By Jan Mercker
Even as a troubled teen in Leesburg, René Bonet had a powerful voice and a way with words. Now she’s a rising star on Atlanta’s R&B and rap scene—and she’s just getting started.
Bonet was born Rikita René Lincoln and spent her childhood and early adulthood in Leesburg. She grew up in the subsidized housing complex then known as Loudoun House (and since revamped and renamed Mayfair Commons), born into a family with deep roots in Loudoun.
“That’s the heart of where we’re from,” Bonet said of the northeast Leesburg neighborhood. But after losing a brother to violence a dozen years ago, she decided she had to get out.
Bonet graduated from Loudoun County High School in 2004, but says a troubled home life made her school years challenging.
“I was not the best student. I gave County hell. I got in a lot of trouble in school,” she said. Bonet knew she could write and sing. She said longtime LCHS Choral Director Pamela Potts saw her promise and tried to lift her up, but Bonet lacked the confidence to take advantage of opportunities at the time.
“There were times when [Potts] tried to give me a better opportunity, but I was too shy then,” Bonet said. “The person that I am now, nobody knows this person. … It took me a while to really develop the confidence that I have now, and I felt like moving away was what did that for me.”
But in high school and beyond, Bonet found an outlet for her pain and anger in poetry. She started writing poetry in high school and then putting her words to music for family and friends.
Bonet moved on to doing open mics and a few recordings in the DC area, but felt limited by the constraints of life in a small town. When Bonet’s 21-year-old brother Jajuan “Murphy” Johnson was shot and killed near Middleburg in 2008, she knew it was time to get out of Loudoun.
“I was like, ‘I can’t do this anymore.’ My friends were dying from overdoses. I just decided that I was not going to be a statistic,” she said. “I decided I was not going to fall into what we call the ‘black hole.’”
Inspired in part by the 2006 coming of age movie “ATL,” loosely based on the experiences of the Atlanta-based R&B group TLC, Bonet decided to give Atlanta—and a musical career—a shot. She worked in retail and built a career with a staffing agency while working to build connections in the city’s booming music industry.
“The first three or four years here were very hard. … It was a culture shock, but I needed it,” she said. “It was spreading my wings and having somewhere to go.”
Bonet made connections at Outkast’s Atlanta-based Stankonia Studios and met the Grammy-winning engineer Alvin Speights, who died earlier this year. Speights, well known for his work with top artists including TLC, Madonna and Michael Jackson, became Bonet’s musical mentor and recorded her first single “Nothing Like You.” He also helped Bonet get engineering experience in the studio, allowing her to do much of her own production.
Bonet changed her name—taking her middle name, which is French for “reborn” and adopting a last name that’s a play on the French word for “good.”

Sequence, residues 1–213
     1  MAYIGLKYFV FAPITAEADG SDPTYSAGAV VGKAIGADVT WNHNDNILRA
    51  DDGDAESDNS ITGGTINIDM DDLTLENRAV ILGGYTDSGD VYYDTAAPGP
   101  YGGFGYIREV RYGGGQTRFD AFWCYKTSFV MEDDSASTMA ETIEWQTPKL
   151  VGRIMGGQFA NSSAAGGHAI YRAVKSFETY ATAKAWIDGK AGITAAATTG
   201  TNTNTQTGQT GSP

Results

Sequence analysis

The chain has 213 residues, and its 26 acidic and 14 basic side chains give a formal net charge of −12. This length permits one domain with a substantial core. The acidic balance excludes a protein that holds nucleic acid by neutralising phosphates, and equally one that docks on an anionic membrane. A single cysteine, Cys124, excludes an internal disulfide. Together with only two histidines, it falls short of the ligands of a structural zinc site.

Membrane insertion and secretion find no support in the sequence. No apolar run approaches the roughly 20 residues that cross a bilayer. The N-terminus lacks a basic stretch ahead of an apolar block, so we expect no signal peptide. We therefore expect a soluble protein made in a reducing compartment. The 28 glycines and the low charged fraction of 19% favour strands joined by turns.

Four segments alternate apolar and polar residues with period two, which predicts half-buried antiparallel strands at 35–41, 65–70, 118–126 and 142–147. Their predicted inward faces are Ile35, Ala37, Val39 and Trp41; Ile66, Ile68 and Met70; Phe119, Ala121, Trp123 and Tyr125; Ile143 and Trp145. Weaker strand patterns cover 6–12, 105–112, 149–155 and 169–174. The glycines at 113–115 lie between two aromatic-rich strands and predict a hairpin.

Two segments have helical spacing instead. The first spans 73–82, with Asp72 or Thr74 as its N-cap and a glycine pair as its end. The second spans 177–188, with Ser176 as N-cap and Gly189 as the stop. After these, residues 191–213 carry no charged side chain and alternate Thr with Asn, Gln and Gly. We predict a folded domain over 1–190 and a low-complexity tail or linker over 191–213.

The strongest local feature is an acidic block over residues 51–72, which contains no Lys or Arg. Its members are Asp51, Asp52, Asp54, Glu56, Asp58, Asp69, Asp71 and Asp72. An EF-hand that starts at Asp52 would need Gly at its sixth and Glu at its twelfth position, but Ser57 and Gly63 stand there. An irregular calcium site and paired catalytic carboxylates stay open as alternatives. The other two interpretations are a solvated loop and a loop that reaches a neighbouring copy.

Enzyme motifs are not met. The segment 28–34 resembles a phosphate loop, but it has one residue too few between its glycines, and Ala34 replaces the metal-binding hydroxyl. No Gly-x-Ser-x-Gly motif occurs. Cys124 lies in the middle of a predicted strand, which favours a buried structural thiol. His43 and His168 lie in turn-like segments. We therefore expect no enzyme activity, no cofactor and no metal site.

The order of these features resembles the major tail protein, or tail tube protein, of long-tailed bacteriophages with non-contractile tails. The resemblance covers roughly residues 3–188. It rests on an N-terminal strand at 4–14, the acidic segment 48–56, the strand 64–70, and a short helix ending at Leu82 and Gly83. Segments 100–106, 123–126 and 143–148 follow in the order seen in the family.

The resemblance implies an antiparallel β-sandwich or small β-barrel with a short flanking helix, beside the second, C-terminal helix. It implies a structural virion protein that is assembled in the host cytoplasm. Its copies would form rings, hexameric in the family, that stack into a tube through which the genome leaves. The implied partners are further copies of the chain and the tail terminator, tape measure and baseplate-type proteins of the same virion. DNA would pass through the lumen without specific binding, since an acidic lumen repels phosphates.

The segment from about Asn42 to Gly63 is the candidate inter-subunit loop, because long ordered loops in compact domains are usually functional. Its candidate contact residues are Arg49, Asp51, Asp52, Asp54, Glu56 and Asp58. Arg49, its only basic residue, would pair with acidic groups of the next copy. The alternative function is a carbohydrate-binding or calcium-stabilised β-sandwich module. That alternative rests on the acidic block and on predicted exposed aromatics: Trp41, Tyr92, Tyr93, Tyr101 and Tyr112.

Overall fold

“I was reborn good,” she said with a laugh, a nod to her efforts to leave behind her bad girl history in Loudoun. But while Bonet crafts playful R&B tunes, she’s also created an outlet for her anger in the form of her musical alter-ego Bully Barbé, who serves up edgy, aggressive rock-influenced hip-hop that’s getting acclaim in the rap world.
“She’s so angry. It’s like she’s talking to everyone who said bad things about her and picked on her and kicked her and hit on her,” Bonet said. “I was bullied in high school, but I was also someone else’s bully. And that played a part in a lot of my life and everything that I’m going through.”
Bonet is working with a publisher on a children’s book about bullying in an effort to explore dynamics, root causes and solutions based on her own struggles.
“I felt like instead of suspending me, instead of putting me in detention, instead of putting me out of school and hurting my education, let’s try to figure out some counseling situations so we can help these students who are being affected at home and bringing that environment to school,” she said.
The Bully Barbé persona is also a tribute to her late brother, who was also working to launch a career as a rapper when his life was cut short.
“She is him—allowing him to live, allowing him to say what he has to say and get everything off his chest,” Bonet said. “I feel like he can live through me.”
Now in her early 30s, Bonet, on a certain level, has it all: a husband, kids, a professional career and a strong foothold on the Atlanta music scene.
She recently released a new single “Shawdy” as René Bonet. Bully Barbé’s latest single “Trendsetter” was featured on Sean Combs’ cable music network Revolt TV, where it was described as a “genre-bending, defiant cut.” She was also named an artist to watch for 2021 by rapper Curtis “50 Cent” Jackson’s hip-hop blog “This Is 50.”
And for Bonet, this is just the beginning. She’s in talks with labels and working on setting up a tour that will bring her back to the DMV.
“I have so much work to do,” she said. “I want something more.”
To check out René Bonet’s latest singles, including videos for “Shawdy” and “Trendsetter,” go to renebonet.com.